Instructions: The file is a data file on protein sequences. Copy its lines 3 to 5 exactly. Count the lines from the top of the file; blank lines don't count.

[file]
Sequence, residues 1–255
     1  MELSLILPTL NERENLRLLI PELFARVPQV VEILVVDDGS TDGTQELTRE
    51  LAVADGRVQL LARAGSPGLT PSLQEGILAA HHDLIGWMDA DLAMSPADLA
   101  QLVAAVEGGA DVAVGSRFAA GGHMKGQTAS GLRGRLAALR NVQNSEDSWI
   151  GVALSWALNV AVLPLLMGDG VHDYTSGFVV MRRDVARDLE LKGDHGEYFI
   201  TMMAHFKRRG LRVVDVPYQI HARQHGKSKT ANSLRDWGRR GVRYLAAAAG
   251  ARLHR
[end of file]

    51  LAVADGRVQL LARAGSPGLT PSLQEGILAA HHDLIGWMDA DLAMSPADLA
   101  QLVAAVEGGA DVAVGSRFAA GGHMKGQTAS GLRGRLAALR NVQNSEDSWI
   151  GVALSWALNV AVLPLLMGDG VHDYTSGFVV MRRDVARDLE LKGDHGEYFI